o2xygen
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Hey,

So I just finished my degree in Biomedical Science at a non red-brick uni. I got a 1st in my degree but only got BCD at A-level (240 UCAS points) in bio, physics and chem. I also got a C in Critical Thinking at AS (40 points if counted).

I've decided I want to work in finance but I'm not sure where to begin looking at the moment as many graduate schemes will automatically filter me because of my UCAS points. I know PwC have the inspired talent programme which requires 240 UCAS points and a 1st but that's the only one I've found so far. I've looked through many of the top 100 firms and they all seem to require 280/300 points.

I've been told you can do accounting with any degree as a degree proves your academic ability, which getting a 1st should show surely? It's pretty frustrating that grad schemes look at UCAS points despite the fact you can do accounting straight from school. Had I known UCAS points would be this much of a burden I'd definitely have replaced chemistry with one of the 'easier' A-levels. I was originally on a 240 point course at uni but switched to the 300 point course after getting the highest mark in my first year.

As I didn't study anything like business or economics at school can anyone recommend any books I can read to improve my knowledge of finance? I've currently got far more time than I know what to do with, so I've been learning Excel and reading the financial news to help with interviews but would like to learn as much as possible.
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AW1983
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It's unfair because you chose tough subjects and got pretty solid marks for them, but not enough to beat the autofilters. The same firms complain because of the calibre of students who apply to them but at the same time they're actively encouraging them to avoid a challenge and study easy subjects at A-Level. It's all part of the very stupid world we live in.

Outrageous though it is, graduate schemes might be largely closed off to you, although I think you stand a reasonable chance with PwC, assuming you can present well at interview. Alternatively, have you considered starting in industry; more firms in industry don't look at A-Levels.
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o2xygen
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I'll definitely be applying to PwC but I'm not feeling too confident about it right now, particularly if I'm up against people who actually did finance related degrees and A-levels. I assume there will be a limited number of places for the inspired talent scheme too.

(Original post by AW1983)
Alternatively, have you considered starting in industry; more firms in industry don't look at A-Levels.

Any starting point would be great right now but I'm not sure where I should be looking for these places.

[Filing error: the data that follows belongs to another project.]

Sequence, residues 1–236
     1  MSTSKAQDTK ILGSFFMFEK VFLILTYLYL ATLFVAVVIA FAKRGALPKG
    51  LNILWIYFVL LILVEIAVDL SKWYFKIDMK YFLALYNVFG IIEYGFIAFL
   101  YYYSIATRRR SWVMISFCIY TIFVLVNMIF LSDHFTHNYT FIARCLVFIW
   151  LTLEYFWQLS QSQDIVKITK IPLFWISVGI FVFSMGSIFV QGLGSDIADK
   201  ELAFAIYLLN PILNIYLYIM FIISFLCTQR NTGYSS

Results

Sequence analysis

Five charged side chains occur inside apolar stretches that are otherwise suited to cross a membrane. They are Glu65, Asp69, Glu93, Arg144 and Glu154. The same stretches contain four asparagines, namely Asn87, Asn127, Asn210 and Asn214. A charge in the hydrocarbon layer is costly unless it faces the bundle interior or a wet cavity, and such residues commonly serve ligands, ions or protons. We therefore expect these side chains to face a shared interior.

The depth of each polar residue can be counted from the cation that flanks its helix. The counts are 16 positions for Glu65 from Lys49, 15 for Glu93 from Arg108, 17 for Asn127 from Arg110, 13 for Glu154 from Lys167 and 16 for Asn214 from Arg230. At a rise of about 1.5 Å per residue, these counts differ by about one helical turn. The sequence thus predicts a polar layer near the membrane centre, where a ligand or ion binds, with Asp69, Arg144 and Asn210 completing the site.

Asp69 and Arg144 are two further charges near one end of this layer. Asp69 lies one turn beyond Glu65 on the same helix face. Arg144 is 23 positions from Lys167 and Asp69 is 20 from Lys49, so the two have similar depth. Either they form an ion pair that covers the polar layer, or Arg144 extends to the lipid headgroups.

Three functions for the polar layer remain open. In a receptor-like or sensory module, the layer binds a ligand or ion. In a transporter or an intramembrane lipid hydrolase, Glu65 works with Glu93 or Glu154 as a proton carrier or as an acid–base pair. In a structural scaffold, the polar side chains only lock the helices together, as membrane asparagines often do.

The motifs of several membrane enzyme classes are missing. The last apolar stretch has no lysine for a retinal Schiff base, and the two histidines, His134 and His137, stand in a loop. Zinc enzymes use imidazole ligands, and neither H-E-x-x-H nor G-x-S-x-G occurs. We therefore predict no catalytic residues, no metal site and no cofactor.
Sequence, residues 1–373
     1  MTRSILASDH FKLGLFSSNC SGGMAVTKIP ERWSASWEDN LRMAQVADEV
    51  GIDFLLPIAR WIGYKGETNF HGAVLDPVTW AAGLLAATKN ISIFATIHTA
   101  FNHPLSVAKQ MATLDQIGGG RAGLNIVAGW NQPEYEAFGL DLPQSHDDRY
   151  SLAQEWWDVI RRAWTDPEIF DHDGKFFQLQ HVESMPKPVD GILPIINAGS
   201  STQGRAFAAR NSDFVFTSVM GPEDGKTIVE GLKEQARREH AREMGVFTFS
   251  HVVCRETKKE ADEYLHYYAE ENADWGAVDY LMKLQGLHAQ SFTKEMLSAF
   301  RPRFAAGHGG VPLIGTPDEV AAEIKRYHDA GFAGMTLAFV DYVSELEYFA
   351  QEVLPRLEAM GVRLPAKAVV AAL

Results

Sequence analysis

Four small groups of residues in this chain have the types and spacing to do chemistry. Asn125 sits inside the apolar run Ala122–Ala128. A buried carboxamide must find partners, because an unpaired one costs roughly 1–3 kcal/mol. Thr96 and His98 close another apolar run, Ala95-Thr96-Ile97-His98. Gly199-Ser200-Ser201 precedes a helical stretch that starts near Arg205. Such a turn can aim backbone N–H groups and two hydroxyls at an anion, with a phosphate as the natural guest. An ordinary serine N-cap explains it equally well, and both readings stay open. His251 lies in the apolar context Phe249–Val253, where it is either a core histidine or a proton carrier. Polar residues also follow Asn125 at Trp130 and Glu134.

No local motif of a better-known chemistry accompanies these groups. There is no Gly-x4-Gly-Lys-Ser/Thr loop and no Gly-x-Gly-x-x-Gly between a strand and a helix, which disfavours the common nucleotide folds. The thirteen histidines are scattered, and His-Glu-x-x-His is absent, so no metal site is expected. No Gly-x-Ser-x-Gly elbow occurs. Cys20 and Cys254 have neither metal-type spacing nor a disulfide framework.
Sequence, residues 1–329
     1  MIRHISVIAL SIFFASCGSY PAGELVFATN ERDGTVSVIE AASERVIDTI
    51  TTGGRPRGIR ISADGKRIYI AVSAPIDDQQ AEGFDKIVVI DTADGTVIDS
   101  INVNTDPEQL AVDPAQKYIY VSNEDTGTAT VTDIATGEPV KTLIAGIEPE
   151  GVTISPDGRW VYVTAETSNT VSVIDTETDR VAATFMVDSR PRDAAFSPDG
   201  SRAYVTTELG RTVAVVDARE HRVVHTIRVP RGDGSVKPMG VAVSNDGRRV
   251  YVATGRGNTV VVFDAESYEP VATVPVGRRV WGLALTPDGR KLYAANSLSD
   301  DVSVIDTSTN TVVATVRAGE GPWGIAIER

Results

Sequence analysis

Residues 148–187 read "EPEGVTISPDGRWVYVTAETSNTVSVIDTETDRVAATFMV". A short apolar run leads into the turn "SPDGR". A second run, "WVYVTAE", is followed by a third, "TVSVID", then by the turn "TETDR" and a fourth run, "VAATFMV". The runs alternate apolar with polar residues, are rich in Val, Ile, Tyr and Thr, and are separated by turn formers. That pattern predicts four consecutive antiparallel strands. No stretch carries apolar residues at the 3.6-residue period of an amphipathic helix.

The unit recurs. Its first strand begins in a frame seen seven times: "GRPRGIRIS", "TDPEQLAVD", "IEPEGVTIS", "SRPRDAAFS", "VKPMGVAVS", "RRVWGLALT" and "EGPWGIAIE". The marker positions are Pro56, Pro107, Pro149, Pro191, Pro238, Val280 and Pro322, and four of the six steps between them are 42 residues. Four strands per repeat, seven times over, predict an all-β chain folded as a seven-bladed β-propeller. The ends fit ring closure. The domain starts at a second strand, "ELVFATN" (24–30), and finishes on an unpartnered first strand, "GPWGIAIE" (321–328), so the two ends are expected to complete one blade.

I'm also trying to decide between tax and audit. How easy is it to switch from audit to tax or vice versa?

Am I also right in assuming that AAT is pretty much a waste of time doing after going to uni and I should be trying for ACA/ACCA/CIMA?
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AW1983
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(Original post by o2xygen)
I'll definitely be applying to PwC but I'm not feeling too confident about it right now, particularly if I'm up against people who actually did finance related degrees and A-levels. I assume there will be a limited number of places for the inspired talent scheme too.
Once you get onto the psychometric tests, you've passed the qualification hurdle. I've helped at assessment centres myself and by the time you've been through psychometric tests and e-tray and group exercises there are much more important things to discuss than your A-levels and you will be assessed based on who you are and what the assessor has seen, not what it says on some three or four year old piece of paper. Once you pass the initial application, no one will ever look at your qualifications again.

I'm also trying to decide between tax and audit. How easy is it to switch from audit to tax or vice versa?
Depends which office you work in. Most tax graduates tend to do ACA first then CTA and I've known audit graduates to switch to tax at this point.

Am I also right in assuming that AAT is pretty much a waste of time doing after going to uni and I should be trying for ACA/ACCA/CIMA?
Sort of. You can do it and get some exemptions from the others later on but it's not really worth it as it's faster to just start with ACA/ACCA/CIMA. Most graduates I know who do AAT do so either because that's as far as they want to go or because they're on a scheme that does AAT first, then ACA.
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